Prophet 5

March has been an interesting month, with a wide variety of equipment coming through, but amongst the most challenging have been a Rev 3 Prophet 5 and a Korg Polysix.

Prophet 5

This particular synth is a Rev 3.3 with 120 Presets, one of the later ones made in July 1982.
It used to belong to a hire company here in Dublin, and was for sale for quite a while through the local internet trade site. Unfortunately during this sales drive, it died totally, and one of our clients took the gamble of purchasing it at a much reduced price in the expectation that it could be repaired.

The electronic repair of the synth was the easy part. An important chip in the microprocessor section had failed but it wasn’t too difficult to diagnose and replace. After that it booted, tuned and played fine, there is no issue with expensive CEM chips and all 5 voices seem to be perfect.

The main issues with this synth turned out to be related a period of non use and storage in a less than ideal environment, probably cold and damp and not in a flightcase. Also the synth had heavy things dropped on some of the pots (or had fallen heavily on something else) as there were dents on the front panel at both ends of the panel and a couple of broken pots.

It was time to dismantle the front panel pcb’s.
Apart from obvious damage to a few pots, the main concern was corrosion of the pot bodies, it took WD40 rust release spray to even unbolt the pot locking washers to release the front panel boards.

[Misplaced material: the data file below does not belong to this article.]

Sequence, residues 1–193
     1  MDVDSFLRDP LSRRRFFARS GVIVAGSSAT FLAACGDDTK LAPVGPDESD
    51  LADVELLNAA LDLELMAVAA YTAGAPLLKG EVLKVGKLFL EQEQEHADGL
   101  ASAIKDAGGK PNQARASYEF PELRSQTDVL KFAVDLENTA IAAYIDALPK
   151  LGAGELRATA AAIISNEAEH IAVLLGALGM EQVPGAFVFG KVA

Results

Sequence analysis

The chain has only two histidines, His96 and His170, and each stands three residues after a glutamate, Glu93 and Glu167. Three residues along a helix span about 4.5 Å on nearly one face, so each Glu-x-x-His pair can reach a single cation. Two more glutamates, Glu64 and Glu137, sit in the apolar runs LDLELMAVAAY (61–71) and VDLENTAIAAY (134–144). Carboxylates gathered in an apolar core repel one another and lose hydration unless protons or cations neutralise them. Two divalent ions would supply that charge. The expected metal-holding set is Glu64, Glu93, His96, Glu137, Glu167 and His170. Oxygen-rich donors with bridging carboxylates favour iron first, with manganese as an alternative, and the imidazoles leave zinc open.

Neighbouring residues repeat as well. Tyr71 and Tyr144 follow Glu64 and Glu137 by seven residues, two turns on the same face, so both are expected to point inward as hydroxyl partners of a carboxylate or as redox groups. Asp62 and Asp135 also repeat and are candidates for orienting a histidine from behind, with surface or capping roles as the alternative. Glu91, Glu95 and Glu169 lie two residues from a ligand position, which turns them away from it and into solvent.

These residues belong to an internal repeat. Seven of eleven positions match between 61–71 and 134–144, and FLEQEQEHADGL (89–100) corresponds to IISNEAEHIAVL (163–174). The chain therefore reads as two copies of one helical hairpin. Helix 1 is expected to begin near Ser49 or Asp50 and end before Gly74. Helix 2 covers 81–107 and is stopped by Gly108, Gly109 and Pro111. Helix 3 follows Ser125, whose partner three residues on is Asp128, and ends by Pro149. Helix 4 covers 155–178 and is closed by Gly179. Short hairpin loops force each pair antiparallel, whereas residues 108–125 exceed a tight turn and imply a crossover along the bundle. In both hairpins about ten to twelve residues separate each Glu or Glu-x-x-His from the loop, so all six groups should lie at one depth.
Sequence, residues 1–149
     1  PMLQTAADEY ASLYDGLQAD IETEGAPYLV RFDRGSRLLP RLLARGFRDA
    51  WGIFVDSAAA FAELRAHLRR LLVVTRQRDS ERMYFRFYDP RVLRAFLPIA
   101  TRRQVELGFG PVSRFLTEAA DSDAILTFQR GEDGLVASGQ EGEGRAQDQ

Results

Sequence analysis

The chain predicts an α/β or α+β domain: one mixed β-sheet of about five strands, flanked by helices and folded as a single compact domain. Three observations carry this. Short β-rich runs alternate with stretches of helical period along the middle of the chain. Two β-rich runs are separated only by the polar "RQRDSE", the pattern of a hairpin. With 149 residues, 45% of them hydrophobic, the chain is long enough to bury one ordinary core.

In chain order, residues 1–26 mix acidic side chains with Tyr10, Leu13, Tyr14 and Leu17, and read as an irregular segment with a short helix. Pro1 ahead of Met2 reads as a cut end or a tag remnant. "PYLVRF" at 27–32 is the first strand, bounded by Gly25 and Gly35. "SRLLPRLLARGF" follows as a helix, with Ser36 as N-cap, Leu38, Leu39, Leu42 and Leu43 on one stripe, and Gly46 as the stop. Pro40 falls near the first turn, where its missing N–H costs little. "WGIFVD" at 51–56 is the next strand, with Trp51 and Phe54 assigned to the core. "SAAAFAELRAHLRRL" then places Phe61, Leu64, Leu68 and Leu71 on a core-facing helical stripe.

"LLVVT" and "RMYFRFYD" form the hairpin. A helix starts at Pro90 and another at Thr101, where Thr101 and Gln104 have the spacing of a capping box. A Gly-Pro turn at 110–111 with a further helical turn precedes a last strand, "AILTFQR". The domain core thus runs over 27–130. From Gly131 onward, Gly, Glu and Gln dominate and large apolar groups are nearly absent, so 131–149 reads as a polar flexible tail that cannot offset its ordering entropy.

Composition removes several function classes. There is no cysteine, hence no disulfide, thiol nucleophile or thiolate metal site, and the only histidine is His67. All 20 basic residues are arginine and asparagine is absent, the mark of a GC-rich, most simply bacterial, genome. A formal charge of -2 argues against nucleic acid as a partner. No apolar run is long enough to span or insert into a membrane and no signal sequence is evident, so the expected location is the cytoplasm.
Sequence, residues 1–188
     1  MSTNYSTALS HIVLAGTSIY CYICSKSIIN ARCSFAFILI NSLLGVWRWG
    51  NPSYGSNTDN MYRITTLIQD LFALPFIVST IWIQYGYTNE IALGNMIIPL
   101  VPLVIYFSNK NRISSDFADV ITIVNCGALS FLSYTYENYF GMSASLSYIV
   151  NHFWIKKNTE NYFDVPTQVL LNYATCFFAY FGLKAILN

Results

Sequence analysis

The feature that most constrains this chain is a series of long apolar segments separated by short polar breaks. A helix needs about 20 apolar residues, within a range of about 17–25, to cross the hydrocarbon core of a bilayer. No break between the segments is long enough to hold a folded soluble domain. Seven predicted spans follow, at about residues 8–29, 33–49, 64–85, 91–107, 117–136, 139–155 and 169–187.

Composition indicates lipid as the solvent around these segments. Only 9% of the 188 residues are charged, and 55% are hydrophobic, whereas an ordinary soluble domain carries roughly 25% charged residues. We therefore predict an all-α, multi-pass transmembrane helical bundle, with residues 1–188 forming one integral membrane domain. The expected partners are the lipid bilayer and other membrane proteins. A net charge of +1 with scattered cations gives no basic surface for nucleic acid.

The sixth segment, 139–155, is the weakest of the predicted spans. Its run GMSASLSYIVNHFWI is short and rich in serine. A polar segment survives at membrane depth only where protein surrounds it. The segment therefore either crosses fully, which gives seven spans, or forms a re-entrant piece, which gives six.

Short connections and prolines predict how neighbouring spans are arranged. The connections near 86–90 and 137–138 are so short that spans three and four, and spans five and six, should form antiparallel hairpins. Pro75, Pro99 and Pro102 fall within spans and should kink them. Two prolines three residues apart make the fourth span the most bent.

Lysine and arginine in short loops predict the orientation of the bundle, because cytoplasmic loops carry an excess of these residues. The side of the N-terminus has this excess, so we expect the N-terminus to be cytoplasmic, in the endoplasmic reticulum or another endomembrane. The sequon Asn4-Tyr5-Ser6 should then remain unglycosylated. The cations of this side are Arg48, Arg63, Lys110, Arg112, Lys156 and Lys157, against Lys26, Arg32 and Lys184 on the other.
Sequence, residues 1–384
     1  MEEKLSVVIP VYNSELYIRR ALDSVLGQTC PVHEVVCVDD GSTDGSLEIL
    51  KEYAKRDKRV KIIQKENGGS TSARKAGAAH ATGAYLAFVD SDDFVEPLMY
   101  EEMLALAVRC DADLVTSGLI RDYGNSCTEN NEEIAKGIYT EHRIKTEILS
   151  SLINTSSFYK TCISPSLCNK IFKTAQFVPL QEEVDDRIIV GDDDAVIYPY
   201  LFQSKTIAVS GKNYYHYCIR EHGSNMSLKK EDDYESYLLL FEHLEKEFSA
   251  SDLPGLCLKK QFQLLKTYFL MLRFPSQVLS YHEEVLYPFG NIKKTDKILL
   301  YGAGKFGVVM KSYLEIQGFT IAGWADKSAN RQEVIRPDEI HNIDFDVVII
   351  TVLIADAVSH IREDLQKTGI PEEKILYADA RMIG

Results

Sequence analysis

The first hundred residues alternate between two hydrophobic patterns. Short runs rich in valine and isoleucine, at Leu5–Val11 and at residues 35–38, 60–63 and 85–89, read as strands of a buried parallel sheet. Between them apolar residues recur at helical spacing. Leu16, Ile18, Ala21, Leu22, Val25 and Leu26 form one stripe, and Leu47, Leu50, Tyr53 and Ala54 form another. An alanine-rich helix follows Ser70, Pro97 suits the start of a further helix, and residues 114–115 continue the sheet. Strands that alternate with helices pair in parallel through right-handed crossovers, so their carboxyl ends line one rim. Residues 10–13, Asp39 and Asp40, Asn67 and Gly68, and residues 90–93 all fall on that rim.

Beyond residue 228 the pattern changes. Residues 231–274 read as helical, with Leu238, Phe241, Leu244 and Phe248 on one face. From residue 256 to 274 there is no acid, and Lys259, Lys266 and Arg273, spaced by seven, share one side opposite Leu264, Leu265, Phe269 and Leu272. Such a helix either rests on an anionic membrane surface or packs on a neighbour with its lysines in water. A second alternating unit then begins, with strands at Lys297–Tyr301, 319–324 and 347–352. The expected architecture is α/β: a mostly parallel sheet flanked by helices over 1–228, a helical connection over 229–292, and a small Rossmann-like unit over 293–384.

The pots themselves were completely coated with a white powder from oxidation of whatever plating they originally had, and the lubricant grease had turned to something resembling candle wax.
As a result, all of the pots had to be desoldered from the circuit board, dismantled, cleaned, regreased and reinstalled onto the panel boards
The hardest and most time consuming part of the operation is removing the pots from the P5’s front panels, as they are plated through holes with very large track pads, no fear of dry joints with a Prophet front panel. Care must be taken to clear the pots’ mounting pins on both sides of the circuit board, as dragging the pots out will break tracks and you don’t want that to happen.
Replacing the pots afterwards is also tricky as they have to be carefully aligned for height and flatness as the pot bodies float in large holes in the front panel pcb’s, they don’t just lie flat on the boards.

The pots themselves are made by a company called Centralab in the US, not a name we’ve come across often, but the pots themselves are a joy to work with. They dismantle easily into 4 parts which can be individually cleaned and greased, and they reassemble neatly and without fuss.

With the rebuild of the front panels complete, it was time to take a hammer to the front panel.